The third molars, more commonly known as wisdom teeth, are the last teeth to develop. The majority of people will need to have their wisdom teeth removed to avoid dental and orthodontic problems.
If you’re wondering when you or your child will get their wisdom teeth, or whether or not they will need to be extracted, this guide will help you know what to expect.
Average Age for Wisdom Tooth Eruption
Molars, the large teeth in the back of the jaw that are used for grinding food when chewing, come in at different stages of development. As the jaw grows and makes room, the molars erupt through the gum tissue. The first permanent molars, the 6 year molars, come in around the age of 6 or 7. The second molars, the 12 year molars, come in around age 11-13.
Wisdom teeth, the last molars, are typically fully developed and ready to come in between the ages of 17-25. Whether or not they come in properly, or if they come in at all, varies from one person to another.
Why Are Wisdom Teeth Extracted?
Wisdom teeth are notorious for causing dental and orthodontic problems. As humans have evolved, there is less room in the jaw for these teeth to come in properly. More often than not they come in crooked or never come through the gum tissue at all. When there is not enough room for the wisdom teeth to come in properly, they are considered to be impacted.
Impacted wisdom teeth may come in at an angle and push against the second molars. This can cause damage to the second molars and also push the other teeth out of proper alignment.
Impacted wisdom teeth sometimes get stuck below the gums and never come in at all. This often means they are pushed up against the roots of the second molars, which can do serious damage to the root structure and threaten the health of those teeth.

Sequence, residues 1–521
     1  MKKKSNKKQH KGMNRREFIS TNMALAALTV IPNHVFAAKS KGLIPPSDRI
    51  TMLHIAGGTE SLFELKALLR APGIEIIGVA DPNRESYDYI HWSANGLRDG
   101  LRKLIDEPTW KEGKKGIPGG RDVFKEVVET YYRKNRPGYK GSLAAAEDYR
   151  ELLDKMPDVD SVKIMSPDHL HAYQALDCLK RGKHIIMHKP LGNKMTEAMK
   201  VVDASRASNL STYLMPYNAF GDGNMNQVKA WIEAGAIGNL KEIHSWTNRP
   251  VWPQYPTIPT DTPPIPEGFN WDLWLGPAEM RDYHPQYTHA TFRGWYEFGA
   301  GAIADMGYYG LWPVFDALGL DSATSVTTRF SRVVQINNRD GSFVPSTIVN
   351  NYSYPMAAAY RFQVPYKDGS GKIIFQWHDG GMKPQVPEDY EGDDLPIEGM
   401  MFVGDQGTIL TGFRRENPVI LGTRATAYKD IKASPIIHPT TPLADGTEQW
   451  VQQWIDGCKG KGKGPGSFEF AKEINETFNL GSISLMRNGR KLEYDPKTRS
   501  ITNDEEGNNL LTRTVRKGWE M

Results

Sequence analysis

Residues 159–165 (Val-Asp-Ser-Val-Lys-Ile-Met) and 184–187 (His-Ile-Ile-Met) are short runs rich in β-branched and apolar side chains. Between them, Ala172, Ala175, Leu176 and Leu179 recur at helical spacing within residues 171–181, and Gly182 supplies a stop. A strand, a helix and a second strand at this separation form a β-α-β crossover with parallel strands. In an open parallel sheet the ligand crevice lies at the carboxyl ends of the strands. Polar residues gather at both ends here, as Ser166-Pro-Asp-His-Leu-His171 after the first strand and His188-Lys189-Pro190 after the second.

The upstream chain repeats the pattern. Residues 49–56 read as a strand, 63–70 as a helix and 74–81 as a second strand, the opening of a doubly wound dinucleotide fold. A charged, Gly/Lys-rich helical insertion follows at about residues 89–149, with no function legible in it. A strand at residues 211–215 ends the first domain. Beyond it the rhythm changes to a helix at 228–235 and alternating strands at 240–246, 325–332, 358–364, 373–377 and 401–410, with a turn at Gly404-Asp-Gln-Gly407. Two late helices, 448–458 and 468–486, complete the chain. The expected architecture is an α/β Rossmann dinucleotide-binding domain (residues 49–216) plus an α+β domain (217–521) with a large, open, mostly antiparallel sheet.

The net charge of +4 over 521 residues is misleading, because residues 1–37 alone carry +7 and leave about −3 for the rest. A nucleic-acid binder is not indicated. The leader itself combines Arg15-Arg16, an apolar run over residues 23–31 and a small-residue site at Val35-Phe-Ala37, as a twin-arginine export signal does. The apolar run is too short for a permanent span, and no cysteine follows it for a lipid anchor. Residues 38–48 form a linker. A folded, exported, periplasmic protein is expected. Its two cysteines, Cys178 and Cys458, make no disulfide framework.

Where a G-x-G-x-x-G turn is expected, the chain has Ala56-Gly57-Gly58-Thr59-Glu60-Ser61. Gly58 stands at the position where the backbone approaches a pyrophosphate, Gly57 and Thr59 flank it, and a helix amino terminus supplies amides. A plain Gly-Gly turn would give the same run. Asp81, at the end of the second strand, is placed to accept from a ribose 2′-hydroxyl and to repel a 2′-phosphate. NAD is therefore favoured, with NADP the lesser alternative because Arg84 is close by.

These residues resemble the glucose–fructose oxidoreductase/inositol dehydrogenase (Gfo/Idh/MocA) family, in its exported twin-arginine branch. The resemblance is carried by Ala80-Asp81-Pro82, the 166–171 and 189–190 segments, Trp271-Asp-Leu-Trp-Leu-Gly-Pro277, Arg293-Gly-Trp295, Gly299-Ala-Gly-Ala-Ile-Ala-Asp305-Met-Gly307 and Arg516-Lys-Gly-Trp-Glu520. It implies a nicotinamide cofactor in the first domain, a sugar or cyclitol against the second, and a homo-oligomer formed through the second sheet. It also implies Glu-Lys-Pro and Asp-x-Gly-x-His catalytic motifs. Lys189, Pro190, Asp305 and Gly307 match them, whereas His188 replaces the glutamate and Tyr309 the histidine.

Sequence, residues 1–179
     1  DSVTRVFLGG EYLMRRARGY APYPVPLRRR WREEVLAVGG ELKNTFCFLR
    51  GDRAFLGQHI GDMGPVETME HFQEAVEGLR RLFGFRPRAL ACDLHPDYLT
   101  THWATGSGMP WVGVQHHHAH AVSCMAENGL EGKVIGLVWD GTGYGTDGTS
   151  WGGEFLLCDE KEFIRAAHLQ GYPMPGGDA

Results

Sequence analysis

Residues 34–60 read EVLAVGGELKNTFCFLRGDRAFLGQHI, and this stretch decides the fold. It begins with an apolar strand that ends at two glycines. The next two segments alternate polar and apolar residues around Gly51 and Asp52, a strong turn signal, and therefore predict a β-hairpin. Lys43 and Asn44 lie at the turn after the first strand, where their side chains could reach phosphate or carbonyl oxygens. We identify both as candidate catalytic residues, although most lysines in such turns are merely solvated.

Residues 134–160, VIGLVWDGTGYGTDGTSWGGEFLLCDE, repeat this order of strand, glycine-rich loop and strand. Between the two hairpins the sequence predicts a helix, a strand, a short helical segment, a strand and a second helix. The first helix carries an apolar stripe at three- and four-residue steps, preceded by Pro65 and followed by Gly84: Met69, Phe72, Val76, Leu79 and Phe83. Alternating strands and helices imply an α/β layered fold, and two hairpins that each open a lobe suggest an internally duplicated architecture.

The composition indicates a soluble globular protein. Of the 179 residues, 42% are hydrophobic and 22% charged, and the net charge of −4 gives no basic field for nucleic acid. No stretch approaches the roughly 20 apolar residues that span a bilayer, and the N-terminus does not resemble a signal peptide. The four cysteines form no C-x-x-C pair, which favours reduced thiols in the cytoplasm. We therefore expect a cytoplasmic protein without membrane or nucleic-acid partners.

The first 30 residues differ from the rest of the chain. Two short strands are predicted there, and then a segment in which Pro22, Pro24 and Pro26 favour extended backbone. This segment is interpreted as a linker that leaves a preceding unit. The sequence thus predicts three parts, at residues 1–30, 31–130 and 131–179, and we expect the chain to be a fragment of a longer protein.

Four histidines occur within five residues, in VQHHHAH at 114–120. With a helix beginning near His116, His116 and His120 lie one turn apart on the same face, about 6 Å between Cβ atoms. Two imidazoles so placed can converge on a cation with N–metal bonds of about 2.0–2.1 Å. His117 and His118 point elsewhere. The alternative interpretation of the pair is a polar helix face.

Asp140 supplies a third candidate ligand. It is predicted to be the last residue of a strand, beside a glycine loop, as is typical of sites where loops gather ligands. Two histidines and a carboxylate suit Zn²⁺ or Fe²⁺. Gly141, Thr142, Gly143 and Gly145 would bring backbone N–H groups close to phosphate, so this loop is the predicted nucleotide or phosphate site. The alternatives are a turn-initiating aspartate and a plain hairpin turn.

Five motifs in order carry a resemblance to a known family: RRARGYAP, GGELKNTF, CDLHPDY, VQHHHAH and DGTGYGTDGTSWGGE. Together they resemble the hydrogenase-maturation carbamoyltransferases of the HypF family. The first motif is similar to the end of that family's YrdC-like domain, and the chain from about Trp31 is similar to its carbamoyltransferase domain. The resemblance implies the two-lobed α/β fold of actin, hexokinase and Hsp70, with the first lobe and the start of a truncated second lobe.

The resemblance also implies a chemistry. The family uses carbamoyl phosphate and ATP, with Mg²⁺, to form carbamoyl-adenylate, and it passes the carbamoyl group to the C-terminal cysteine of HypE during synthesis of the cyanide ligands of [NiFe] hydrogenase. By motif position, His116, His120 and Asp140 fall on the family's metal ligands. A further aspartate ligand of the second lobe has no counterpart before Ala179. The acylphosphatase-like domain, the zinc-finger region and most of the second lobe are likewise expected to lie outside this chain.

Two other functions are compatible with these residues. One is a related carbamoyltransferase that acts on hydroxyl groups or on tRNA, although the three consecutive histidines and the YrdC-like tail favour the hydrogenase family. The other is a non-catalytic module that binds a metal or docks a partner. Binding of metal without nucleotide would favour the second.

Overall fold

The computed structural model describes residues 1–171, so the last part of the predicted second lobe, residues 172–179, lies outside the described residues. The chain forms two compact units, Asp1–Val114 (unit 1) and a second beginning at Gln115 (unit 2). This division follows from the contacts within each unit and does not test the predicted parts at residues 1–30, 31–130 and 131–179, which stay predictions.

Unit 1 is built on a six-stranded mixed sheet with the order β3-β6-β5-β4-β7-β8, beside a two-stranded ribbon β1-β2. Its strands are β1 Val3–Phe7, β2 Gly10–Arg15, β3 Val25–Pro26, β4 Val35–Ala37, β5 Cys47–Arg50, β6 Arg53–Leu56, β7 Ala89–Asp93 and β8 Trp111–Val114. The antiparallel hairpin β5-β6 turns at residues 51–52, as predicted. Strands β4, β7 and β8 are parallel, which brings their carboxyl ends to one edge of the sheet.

When is the Best Time for Wisdom Teeth Extraction?
Your dentist will monitor the development and eruption of your wisdom teeth through regular dental examinations and X-Rays. If the wisdom teeth appear to be a problem, such as if they begin to come in at an angle or are laying sideways under the gums, your dentist may recommend getting them removed.
If you experience pain in the back of your mouth or jaw, swollen gums around your molars, a tight feeling in your teeth, or any other unusual symptoms, it may be time for a dental exam to check on the status of your wisdom teeth. It is common for teens and young adults to get their wisdom teeth out between the ages of 17 and 25.
What Are the Risks of Impacted Wisdom Teeth?
Impacted wisdom teeth that are not removed can cause a variety of dental and orthodontic problems:
- Damage to other teeth. Impacted wisdom teeth can grind against your back molars and their roots, causing damage to the tooth and its support structures. The other teeth may also grind together due to the pressure from the wisdom teeth.
- Crowding of the teeth. As the wisdom teeth push on the back molars it can cause all of the teeth to crowd together, which leads to orthodontic problems.
- Higher risk of tooth decay. There is a higher risk of tooth decay because plaque and bacteria build up between the teeth that are shoved too closely together.
- Higher risk of gum disease. The bacteria in plaque that develops due to crowded teeth can infect the gum tissue, causing gum disease.
- Development of cysts. Wisdom teeth that are stuck below the gums can lead to the development of cysts, sacs of fluid that grow and can damage the jaw bone, teeth, and nerves. In rare cases cysts can become abnormal growths, like tumors (usually benign).
Why Choose Upper West Side Oral & Maxillofacial Surgery?
Impacted wisdom teeth are best addressed by an experienced oral surgeon. Upper West Side Oral & Maxillofacial Surgery specializes in wisdom teeth extraction, providing the appropriate type of anesthesia for each individual. We work around the busy schedules of teens and young adults to help you get your wisdom teeth out at a time that works for you.